In this issue, I would like to recommend a book to the readers – a MUST READ book: New Power: How it’s changing the 21st century – and why you need to know by Henry Timms and Jeremy Heimans (2018)
I learnt a tremendous lot from this book. The insights from it enable me to rethink all the projects and companies that I am currently engaged in. What’s more, it will affect how I will design any new companies that I will launch in the future.
I echo Sir Richard Branson’s comments on this book: “If you want to understand how the world is changing, what’s really happening, and how we can all find our way, this book could not be coming at a better time.”
Instead of giving you a quick summary of the book, I would just like to show you one of the most inspirational stories that has a major impact on me.
It’s about a company in Holland known as Buurtzorg.
Below are excerpts from the book (p.230-2):
Buurtzorg in the Making
If you wanted to learn something about the future of the workplace, you probably wouldn’t begin your quest by heading to the Netherlands and inquiring about the state of nursing.
But Buurtzorg – a decentralized network of nurses who engage with their communities on their own terms – has shaken up the profession. Its story is a master class in how to scale that ‘founder feeling’ and create a workplace built on new power principles.
Buurtzorg began in 2006 with a vision of what nurses would not do. They would not be drowned in paperwork. They would not let strict procedure trump healthy culture. They would not be governed by out-of-touch paper-pushers at HQ.
Instead, they wanted to do the work that inspired them in the first place: caring for patients. They would connect with their community and the decisions that matter themselves. They would decide when and how to visit people in their homes, dealing with everything from changing bandages to making end-of-life plans. They would be in charge of their own world.
This was not an original dream. Their list of hopes will be familiar to many who work in old power institutions and imagine a Jerry Maguire moment, when they finally say, “Enough!”.
But Buurtzorg had a plan to go with the fantasy. To get community health care right, it would put all the power in the hands of small, self-directed teams of ten to twelve nurses. Each team would take charge of the complete process of caring for their patients – and for running of their own small enterprise. They would make their own decisions, minimize administrative oversight, and be connected to the other teams via a shared technology platform, allowing all the nurses in the network to learn and work together. They’d be free to experiment with new and creative ways to deliver care.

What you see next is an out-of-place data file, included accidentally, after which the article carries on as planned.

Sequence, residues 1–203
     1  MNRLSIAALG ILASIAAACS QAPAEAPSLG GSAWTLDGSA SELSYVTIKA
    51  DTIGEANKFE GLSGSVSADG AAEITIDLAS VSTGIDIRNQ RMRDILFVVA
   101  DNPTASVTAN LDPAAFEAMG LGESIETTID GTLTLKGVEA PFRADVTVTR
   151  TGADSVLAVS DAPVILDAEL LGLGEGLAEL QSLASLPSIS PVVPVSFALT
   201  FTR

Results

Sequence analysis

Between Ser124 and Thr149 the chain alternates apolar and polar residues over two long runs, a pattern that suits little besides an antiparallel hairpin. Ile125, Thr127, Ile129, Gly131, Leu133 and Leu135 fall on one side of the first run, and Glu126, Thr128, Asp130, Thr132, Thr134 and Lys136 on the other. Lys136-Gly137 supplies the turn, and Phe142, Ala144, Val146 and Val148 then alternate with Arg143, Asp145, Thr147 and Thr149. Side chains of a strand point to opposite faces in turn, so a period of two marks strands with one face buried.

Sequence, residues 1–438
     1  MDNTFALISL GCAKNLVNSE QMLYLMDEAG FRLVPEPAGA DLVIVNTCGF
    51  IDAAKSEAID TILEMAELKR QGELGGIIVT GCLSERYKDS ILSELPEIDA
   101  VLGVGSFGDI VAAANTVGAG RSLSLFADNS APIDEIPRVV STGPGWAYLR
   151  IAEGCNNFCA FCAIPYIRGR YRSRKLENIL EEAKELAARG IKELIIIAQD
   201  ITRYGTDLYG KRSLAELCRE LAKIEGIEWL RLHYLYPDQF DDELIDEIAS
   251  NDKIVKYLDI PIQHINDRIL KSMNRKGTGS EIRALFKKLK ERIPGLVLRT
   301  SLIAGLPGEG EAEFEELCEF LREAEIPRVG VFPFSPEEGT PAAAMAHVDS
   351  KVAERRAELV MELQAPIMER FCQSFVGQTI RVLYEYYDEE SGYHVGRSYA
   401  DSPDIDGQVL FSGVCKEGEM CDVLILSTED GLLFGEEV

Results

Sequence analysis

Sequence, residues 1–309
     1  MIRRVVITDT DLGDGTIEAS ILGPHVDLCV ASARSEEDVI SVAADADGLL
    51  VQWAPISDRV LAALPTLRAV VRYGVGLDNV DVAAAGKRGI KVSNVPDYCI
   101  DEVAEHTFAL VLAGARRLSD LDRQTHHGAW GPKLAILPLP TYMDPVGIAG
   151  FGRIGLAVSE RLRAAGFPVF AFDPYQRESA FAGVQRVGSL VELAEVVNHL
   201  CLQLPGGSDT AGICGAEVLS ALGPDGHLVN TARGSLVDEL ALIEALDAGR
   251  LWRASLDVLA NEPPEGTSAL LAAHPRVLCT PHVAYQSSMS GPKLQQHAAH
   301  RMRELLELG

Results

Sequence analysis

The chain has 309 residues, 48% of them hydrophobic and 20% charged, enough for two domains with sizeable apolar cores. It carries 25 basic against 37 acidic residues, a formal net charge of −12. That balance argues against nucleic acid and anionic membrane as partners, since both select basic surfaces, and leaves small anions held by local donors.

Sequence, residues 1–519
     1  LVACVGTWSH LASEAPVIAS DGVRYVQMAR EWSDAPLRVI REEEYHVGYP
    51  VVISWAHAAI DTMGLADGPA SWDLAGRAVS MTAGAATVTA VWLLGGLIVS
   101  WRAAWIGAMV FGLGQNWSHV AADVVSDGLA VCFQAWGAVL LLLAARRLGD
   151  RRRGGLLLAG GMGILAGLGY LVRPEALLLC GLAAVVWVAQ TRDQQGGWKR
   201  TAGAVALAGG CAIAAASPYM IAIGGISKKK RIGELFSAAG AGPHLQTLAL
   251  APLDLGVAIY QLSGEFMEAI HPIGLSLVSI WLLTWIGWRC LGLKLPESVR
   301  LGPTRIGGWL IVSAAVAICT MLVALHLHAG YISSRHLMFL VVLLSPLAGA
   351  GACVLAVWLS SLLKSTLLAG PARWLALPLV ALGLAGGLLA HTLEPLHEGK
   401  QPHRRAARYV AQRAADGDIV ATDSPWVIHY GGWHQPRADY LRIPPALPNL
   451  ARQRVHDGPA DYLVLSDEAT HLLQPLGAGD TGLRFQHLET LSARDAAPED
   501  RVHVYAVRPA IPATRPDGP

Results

10,000 nurses in 10 years
Ten years on, Buurtzorg has over 10,000 nurses in the Netherlands, operating in 850 teams, serving 70,000 patients a year. To support all this, it has a back office of just 45 people. A KPMG study shows that it model delivers a ‘50% reduction in hours of care, improved quality of care and raised work satisfaction for their employees. Its overhead is much lower than the average. So are its sick leave rates. So is staff turnover. And Buurtzorg has been repeatedly scored as having the highest employee satisfaction among all Dutch companies with more than 1,000 employees.
Its nurses are also achieving higher rates of patient satisfaction, even as they provide fewer are hours. With the patients at the centre of their mission, and the removal of the heavy hand of bureaucracy, they get better results in less time. Their patients get their autonomy back more quickly and have shorter stays in the hospital.
Contrast this with the traditional role of the nurses who, across the world, feels under-resourced and unable to spend sufficient time to support the patients.
Research by the International Council of Nurses and Pfizer showed that aggression against nurses is widespread, with a quarter or more in almost every country reporting workplace bullying by colleagues. This culture is costly: a 2015 survey by the royal College of Nurses showed that almost a third of UK nurses are a new job….
What Buurtzorg get so right is it puts human beings front and centre. It focuses on how to get teams of people to form deep connections with one another and uses technology to enable better peer coordination, but it doesn’t lead with it.
Or take a look at this video: